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William Dring 1767-1854

Journal by janilye

William Dring was convicted of feloniously stealing six bottles of brandy three blue and white shirts two pair of trousers a pair of red leather boots and several other things of the value of ten pence from Joseph Mitchinson.

William Dring was tried at Kingston upon Hull, Yorkshire on 7 October 1784 for theft of unknown value. He was sentenced to transportation for 7 years and left England on the 'Alexander' of the First Fleet aged about 17 at that time (May 1787). He had no occupation recorded.

Governor Phillip sent a party of Officials, Marines and convicts to settle Norfolk Island and in October, 1788 Dring was one of those sent. He was employed there in various ways, probably in preparing the land for farming. In 1790 Dring and another convict volunteered to swim out to the "Sirius", which had been wrecked on the reef, in order to throw off the livestock and any remaining stores, which were still on the ship. They were allowed to do this and were successful in their efforts. They remained on board after they had completed the task and got drunk on the alcohol still on the ship. Eventually a marine was sent out and he removed the two men. They were punished by being put in prison and also made to wear leg irons. Even when they were released they were forced to continue wearing the irons.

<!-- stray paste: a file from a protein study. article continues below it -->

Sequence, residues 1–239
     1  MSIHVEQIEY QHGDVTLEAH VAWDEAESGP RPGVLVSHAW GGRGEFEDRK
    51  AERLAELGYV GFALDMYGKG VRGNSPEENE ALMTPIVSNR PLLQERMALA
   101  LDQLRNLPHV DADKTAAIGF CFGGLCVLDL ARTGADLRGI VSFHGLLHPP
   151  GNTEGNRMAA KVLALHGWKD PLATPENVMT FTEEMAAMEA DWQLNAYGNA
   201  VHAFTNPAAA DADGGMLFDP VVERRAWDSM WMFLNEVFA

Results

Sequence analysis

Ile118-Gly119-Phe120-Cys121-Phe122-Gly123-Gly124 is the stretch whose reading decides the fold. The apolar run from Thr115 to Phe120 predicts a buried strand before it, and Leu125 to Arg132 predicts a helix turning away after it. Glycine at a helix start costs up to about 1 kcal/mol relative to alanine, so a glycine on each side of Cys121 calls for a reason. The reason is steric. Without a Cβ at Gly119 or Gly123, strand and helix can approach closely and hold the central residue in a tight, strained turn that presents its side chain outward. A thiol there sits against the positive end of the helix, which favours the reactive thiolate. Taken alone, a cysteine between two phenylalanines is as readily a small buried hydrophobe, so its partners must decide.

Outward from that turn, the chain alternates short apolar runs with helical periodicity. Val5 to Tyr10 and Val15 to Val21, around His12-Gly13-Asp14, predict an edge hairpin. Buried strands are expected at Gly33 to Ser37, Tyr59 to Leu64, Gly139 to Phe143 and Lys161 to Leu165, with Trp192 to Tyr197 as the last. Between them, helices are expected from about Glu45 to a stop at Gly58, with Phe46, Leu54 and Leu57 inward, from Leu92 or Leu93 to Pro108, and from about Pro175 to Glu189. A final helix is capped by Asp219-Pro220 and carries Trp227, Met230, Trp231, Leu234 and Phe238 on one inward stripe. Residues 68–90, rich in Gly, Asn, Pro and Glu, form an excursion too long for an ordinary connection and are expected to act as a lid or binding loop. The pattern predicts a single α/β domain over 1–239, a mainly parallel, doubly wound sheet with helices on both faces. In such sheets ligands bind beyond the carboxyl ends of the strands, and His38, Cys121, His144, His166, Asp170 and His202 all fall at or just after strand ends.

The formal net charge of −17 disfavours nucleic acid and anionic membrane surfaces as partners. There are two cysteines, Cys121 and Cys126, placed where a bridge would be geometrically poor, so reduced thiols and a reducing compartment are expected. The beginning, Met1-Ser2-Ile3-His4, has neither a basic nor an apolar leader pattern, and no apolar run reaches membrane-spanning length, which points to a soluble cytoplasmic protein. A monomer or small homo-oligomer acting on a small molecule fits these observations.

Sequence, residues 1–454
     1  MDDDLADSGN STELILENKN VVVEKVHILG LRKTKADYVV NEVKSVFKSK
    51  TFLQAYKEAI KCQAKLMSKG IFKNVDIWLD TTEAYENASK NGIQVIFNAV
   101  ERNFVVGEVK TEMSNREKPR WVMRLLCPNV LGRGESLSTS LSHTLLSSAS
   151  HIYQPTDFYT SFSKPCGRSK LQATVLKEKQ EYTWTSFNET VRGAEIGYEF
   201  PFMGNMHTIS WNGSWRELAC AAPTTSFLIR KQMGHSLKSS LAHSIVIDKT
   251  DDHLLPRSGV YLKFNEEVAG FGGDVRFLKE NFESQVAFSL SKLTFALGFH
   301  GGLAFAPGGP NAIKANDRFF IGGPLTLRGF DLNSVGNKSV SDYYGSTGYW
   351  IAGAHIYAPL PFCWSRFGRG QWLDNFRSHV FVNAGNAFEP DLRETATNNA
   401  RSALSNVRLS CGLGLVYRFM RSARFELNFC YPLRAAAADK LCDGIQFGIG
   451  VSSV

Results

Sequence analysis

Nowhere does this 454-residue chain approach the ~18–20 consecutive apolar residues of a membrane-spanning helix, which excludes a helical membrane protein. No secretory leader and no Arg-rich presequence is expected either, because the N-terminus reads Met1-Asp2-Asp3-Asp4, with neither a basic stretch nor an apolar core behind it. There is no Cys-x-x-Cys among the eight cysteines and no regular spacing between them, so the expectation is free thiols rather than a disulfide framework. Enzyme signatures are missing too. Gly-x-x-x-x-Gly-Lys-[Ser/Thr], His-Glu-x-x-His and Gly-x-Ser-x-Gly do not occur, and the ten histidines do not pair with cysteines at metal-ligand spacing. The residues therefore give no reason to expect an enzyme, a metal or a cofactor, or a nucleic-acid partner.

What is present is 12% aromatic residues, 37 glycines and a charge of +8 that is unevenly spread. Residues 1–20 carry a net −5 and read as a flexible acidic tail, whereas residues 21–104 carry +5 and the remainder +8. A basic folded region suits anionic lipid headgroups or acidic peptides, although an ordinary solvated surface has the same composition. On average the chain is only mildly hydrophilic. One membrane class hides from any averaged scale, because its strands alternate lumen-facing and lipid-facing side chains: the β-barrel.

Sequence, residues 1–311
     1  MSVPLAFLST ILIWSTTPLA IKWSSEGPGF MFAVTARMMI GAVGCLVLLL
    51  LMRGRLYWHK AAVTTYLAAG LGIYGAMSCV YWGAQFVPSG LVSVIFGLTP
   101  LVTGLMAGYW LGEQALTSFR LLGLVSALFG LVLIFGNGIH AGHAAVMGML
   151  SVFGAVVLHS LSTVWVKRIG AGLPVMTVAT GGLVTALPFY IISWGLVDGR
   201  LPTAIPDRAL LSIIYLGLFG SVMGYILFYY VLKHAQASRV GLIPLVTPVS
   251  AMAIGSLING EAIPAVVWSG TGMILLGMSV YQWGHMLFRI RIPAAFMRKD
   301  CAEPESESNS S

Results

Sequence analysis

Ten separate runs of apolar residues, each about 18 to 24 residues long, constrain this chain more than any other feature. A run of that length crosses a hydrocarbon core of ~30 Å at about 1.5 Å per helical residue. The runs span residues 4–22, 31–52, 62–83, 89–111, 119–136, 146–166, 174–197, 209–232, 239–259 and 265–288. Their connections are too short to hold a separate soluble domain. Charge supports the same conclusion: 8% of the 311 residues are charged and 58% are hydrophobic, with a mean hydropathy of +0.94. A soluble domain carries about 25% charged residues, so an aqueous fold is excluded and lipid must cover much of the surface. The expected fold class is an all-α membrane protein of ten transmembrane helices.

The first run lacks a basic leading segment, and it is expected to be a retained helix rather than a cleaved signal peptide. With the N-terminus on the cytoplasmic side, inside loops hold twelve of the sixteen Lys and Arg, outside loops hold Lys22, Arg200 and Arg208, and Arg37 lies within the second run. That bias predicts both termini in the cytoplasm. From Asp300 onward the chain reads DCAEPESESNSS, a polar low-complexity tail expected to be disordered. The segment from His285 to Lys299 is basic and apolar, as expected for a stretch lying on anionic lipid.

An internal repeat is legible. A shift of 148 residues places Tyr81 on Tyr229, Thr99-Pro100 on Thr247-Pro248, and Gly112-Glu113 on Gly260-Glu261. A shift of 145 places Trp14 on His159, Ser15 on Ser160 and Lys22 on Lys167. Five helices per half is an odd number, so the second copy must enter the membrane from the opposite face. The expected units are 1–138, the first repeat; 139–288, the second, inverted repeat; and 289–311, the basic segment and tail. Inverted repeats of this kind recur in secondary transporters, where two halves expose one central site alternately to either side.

Dring was apparently a competent seaman and contributed much in the associated work. He was praised by Governor King for his work. He was given a grant of land on Norfolk Island and then formed a relationship with Ann Forbes who had arrived in the First Fleet, on the "Prince of Wales". She had been convicted of stealing ten yards of cotton, the property of James Rollinson. Her trial was held in 1787 at the Surrey Lent Assizes. She was sentenced to be hanged but was reprieved and her sentence changed to seven (7) years transportation. Ann was sent to Norfolk Island and with her was the child she had borne to George Bannister, in 1789.

During their lives together William and Ann had three children, the last of whom was born in 1796. There was a great deal of unrest on the Island, because there were many marines stationed there and they endeavoured to entice the wives away from their husbands or the men with whom they lived. This brought many complaints form the emancipists and Dring had had cause to complain that his wife had been 'tempted away' twice. Finally he assaulted a marine and was charged. Governor King interceded on his bahalf and Dring was only fined 20 shillings. This judgement was another source of trouble on Norfolk Island. The family returned to Port Jackson in 1794 by the "Daedelus". They stayed together at least until the 20 August, 1796, when the last child was baptised. After this the partnership broke up. Little is known about Dring except 'he died in the Colony'.

Surnames: BANNISTER DRING FORBES
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by janilye Profile | Research | Contact | Subscribe | Block this user